(6) It Highlights Cutting-Edge Policy Reforms – If you’re a policy wonk interested in promoting reform of state securities laws, you’ll get a glimpse of what’s happening right now at both national and state levels.  Did you know, for example, that Maryland recently passed a reform that allows any company to borrow up to $100,000 from Maryland residents (up to $100 per resident) with almost no legal paperwork whatsoever?
(5) It Provides Great Organizing Tools – Even if you’re a social activist, you’ll find easily implemented tools for your community.  You could deploy a website listing local investment opportunities and local investors.  Or you could organize a Local Investment Opportunity Network (LION), where local investors and businesses meet, kibitz, and form relationships monthly. 
(4) It’s Relevant for Any State – Non-Vermonters will find tools that they can use or develop themselves.  In fact, we’d love to work with you to develop a version for your state
(3) It’s Practical – The late economist Kenneth Boulding used to say, “Anything that exists is possible.”  Almost all the tools in the handbook are happening somewhere in the United States.  If there’s any part of you that thinks that local investment is impossible, this handbook will dispel those beliefs instantly.
(2) It’s Inspiring – You’ll read incredible stories about what people like you have done.  Like how Vermonters investing in the City Market Onion River Cooperative typically get a better return than investors on Wall Street. Or how the Vermont State Employees Credit Union provides more affordable loans than big banks.  Or how Duane Peterson of SunCommon moved his investments into Vermont businesses.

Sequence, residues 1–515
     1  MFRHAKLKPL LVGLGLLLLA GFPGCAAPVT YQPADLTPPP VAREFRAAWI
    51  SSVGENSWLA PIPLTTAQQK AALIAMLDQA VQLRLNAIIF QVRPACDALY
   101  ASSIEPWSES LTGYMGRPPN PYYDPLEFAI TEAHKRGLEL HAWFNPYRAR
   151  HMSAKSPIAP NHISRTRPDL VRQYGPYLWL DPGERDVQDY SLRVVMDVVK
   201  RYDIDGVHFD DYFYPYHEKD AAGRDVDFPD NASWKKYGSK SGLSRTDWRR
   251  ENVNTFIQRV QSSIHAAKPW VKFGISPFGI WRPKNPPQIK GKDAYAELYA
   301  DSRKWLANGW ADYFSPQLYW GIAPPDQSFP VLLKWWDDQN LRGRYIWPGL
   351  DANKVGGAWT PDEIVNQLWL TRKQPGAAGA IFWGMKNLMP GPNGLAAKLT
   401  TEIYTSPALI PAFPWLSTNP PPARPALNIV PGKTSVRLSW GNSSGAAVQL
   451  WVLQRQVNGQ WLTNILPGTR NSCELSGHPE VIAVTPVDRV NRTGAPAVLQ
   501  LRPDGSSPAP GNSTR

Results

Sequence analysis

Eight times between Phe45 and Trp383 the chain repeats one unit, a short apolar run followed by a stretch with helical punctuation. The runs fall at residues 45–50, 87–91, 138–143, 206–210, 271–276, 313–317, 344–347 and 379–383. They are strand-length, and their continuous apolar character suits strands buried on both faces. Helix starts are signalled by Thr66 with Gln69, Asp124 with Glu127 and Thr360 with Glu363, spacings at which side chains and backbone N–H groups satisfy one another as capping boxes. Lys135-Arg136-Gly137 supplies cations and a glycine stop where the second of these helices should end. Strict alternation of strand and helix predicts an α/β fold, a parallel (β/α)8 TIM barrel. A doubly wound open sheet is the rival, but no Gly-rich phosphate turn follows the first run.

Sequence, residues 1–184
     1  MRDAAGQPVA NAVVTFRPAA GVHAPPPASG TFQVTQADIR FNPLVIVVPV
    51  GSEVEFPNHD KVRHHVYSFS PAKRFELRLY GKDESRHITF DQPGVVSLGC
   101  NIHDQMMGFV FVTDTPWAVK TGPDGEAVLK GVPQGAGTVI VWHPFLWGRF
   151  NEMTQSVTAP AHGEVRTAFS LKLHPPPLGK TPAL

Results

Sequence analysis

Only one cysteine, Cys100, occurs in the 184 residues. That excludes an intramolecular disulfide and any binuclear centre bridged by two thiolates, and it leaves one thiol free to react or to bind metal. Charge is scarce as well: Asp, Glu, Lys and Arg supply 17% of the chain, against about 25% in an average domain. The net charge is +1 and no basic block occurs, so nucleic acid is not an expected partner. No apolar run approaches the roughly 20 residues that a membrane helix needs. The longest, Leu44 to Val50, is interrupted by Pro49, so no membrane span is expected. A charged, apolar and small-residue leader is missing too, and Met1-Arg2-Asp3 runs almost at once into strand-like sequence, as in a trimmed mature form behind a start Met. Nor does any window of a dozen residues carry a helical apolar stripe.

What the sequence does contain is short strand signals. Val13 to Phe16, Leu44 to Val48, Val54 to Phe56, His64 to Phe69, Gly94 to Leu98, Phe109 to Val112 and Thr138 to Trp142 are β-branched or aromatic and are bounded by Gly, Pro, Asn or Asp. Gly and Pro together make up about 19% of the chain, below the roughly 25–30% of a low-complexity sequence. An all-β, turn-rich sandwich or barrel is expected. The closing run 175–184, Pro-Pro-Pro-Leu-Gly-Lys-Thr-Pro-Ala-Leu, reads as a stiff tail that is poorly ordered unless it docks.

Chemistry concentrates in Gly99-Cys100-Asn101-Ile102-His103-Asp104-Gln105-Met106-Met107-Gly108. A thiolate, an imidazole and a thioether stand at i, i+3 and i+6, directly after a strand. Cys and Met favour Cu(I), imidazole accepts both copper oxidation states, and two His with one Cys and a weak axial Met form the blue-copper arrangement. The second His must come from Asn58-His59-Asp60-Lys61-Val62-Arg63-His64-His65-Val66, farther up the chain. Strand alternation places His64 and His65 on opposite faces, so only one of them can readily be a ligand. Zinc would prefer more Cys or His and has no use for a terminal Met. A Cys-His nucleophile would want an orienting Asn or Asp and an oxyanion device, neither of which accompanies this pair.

So the only remaining question is this:  What are you waiting for?
Read on Scribd

Michael Shuman

Michael Shuman is director of research for Cutting Edge Capital, director of research and economic development at the Business Alliance for Local Living Economies (BALLE), and a Fellow of Post Carbon Institute. He holds an AB with distinction in economics and international relations from Stanford University and a JD from Stanford Law School. He has led community-based economic-development efforts across the country and has authored or edited seven previous books, including The Small Mart Revolution: How Local Businesses Are Beating the Global Competition (2006) and Going Local: Creating Self-Reliant Communities in the Global Age (1998).

In recent years, Michael has led community-based economic-development efforts in St. Lawrence County (NY), Hudson Valley (NY), Katahdin Region (ME), Martha's Vineyard (MA), and Carbondale (CO), and served as a senior editor for the recently published Encyclopedia of Community. He has given an average of more than one invited talk per week for 25 years throughout the United States and the world.

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Tags: local investing